My parents are both therapists and have been discussing their clients and each other with me as if I were a colleague for as long as I can remember (they each--a male and a female--believe the other one is secretly gay... *rolls eyes*... they've been divorced for several years). On the one hand, being let in on all these confidences made me feel special, and smart. I also felt completely alien from kids my age.

quote:
I find that I have never been able to enjoy the things others my age do, or that I didn't feel it was "acceptable" for me to do those things, including going to parties.
It's cool to hear that someone else felt this way. I never considered it an option to participate in adolescent activities. I was continually mortified by and censoring any thought/feeling/behavior which I thought could be labeled "sophomoric." Kids my age were like another species--there were some I hung out with regularly and thought of as friends, but none that I felt I could confide in at all. Where would I begin? And how could they possibly understand? I got the impression from my parents that I was profoundly different. The "Special" label given to kids is a double edged sword--to get the benefits you have to deny your needs; to follow your own impulses might mean revealing that you're not really special.

Every child is, of course, special, but this sort of dynamic sets up the idea that only through being "mature"/denying ones own needs is one considered special. It also left me vulnerable to abuse like I mentioned in this thread.

Kids who have their parents relate to them in this way totally get the short end of the stick in my opinion--extra burdens, neglect around age-appropriate needs, isolation and a complex about where their worth comes from.

I think parents crossing emotional boundaries though is universal. It's what unhealed people (read: everyone) does: unconsciously try to get their kids to meet the needs their parents didn't.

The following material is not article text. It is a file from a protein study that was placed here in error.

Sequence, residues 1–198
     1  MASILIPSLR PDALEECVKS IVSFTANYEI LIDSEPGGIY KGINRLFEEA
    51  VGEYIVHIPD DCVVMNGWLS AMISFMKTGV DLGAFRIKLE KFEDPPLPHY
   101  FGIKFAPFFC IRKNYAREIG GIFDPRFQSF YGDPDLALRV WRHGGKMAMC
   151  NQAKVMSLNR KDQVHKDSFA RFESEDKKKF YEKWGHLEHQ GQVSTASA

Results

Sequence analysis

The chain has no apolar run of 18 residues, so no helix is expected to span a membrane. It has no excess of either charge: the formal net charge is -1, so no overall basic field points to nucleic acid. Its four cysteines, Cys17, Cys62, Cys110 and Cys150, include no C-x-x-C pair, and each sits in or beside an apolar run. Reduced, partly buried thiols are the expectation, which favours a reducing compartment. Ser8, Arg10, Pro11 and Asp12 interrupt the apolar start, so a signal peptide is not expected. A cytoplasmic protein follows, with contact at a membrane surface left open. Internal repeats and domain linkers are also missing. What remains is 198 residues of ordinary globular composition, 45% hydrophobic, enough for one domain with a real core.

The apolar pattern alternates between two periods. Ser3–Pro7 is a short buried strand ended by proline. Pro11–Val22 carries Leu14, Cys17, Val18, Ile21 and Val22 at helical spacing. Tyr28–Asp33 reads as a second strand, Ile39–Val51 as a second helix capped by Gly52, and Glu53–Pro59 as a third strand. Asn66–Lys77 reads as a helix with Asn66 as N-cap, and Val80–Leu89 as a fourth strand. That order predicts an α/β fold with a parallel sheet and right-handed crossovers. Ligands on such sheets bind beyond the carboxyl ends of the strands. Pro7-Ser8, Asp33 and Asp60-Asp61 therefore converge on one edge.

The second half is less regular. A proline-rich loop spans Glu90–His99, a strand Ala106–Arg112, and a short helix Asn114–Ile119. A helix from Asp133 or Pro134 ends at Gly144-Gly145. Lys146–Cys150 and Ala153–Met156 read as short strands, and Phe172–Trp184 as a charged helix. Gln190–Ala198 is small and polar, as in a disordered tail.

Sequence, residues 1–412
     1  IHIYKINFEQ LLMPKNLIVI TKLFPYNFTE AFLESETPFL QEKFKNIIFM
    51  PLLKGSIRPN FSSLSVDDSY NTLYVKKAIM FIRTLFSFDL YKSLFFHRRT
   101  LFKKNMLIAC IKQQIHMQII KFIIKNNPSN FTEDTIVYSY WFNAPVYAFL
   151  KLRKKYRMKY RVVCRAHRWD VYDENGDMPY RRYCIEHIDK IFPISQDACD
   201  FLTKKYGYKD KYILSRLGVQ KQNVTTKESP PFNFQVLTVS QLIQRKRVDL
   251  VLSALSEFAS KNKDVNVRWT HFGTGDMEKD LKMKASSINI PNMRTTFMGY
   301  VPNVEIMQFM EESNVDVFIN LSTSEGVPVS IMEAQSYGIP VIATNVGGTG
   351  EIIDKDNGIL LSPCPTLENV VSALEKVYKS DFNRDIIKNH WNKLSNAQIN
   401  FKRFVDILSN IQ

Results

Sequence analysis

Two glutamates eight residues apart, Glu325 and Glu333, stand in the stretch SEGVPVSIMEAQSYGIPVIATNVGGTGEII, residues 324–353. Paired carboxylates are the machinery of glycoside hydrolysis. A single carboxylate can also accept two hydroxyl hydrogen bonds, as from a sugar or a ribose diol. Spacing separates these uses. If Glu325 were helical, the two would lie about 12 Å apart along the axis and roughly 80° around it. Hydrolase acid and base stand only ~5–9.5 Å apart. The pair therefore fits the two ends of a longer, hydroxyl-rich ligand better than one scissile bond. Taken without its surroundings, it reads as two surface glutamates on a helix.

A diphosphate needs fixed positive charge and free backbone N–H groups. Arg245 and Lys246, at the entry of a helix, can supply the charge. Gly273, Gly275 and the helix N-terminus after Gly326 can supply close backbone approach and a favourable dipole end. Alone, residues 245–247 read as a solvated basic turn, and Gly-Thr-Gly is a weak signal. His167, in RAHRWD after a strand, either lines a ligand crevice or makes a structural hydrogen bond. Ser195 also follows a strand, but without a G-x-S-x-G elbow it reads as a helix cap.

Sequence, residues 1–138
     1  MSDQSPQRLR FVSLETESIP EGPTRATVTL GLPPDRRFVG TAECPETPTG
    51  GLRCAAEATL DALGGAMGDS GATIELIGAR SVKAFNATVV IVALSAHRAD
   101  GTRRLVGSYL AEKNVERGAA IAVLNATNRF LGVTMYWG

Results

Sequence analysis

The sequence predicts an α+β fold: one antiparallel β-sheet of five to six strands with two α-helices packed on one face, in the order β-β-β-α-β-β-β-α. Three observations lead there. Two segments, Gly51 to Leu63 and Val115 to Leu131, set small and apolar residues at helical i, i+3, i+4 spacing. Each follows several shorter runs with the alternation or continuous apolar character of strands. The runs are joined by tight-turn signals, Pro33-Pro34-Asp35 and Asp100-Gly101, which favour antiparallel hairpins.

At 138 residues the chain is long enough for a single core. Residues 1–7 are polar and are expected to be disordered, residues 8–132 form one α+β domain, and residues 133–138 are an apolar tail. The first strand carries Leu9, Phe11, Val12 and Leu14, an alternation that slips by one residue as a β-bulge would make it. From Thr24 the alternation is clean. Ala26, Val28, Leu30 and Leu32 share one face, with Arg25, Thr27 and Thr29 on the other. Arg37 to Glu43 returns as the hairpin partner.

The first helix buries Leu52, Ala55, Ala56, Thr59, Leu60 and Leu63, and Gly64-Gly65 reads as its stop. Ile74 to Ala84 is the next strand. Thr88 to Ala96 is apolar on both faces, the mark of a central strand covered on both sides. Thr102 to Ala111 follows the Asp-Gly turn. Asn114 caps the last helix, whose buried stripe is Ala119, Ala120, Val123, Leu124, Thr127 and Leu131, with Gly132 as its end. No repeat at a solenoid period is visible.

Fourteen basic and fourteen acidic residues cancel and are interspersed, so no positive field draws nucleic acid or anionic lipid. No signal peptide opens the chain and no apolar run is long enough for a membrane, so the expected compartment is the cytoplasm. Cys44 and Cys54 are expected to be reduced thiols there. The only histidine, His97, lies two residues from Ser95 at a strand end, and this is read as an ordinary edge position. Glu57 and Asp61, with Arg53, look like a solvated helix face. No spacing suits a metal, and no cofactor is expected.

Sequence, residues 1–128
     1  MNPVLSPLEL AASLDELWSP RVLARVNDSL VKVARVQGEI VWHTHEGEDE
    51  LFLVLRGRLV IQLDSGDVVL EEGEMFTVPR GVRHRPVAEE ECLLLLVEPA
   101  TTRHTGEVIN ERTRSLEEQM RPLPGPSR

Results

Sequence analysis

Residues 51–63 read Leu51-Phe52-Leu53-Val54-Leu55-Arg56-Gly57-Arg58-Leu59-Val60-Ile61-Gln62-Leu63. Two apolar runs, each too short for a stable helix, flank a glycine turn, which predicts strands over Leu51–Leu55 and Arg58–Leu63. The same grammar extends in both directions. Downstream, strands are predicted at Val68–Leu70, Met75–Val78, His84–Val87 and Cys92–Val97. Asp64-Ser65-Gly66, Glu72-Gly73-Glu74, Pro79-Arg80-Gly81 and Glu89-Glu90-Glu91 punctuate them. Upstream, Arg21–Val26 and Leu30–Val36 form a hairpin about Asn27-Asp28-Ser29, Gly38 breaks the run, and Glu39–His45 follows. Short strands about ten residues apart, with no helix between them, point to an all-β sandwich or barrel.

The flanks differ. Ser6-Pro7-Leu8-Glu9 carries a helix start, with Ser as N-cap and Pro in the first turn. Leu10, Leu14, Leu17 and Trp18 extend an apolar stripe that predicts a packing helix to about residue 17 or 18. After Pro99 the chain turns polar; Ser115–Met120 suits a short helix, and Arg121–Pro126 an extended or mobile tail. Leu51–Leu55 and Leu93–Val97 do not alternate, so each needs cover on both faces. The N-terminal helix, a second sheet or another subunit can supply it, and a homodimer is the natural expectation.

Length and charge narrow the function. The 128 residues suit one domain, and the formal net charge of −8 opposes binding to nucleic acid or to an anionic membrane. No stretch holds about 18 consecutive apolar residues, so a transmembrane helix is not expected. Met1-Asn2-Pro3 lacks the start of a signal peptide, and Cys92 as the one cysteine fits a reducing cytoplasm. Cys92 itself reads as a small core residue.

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without tenderness, we are in hell. -Adrienne Rich

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bluejumprope
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I just had an urge to send my parents an email, basically just saying hi, and sharing a few things that are going on with me because I haven't spoken to them in a while, and it struck me how unusual this was. I rarely have conversations with them that are just about me. I often feel like I have to psyche myself up for conversations with them because listening to them requires so much work. I have trouble remembering conversations with my parents that aren't mostly about them or what's going on in their lives. It feels like there's never space for me to share what's going on with me--either they'll have some big reaction or they'll be sort of disinterested. Does anyone else have this experience?

Also, if anyone is looking for a good book on the whole parents crossing emotional boundaries theme, I recommend Alice Miller's "The Drama of the Gifted Child." The word "gifted" in the title refers not to being academically gifted or whatever, but the common human ability/"gift" to repress needs as children in order to survive under abusive parents.

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without tenderness, we are in hell. -Adrienne Rich

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nYko
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My eyes hurt and I haven't been able to read the other posts (Can't find my glasses...), but I will tell you how I feel about my mother doing that with me.

She's told me everything. I wanted to know though. I'm so glad she's told me, that I was able to help her. That she was able to vent onto me. She's my mom... I love her with all of my heart. I worry for her, and the fact that I could make her feel better makes me happy. I feel nothing of the sort, of what your counselor said. I'm happy my mom told me. I want to know these things.

Posts: 11 | From: Kansas | Registered: Dec 2008  |  IP: Logged | Report this post to a Moderator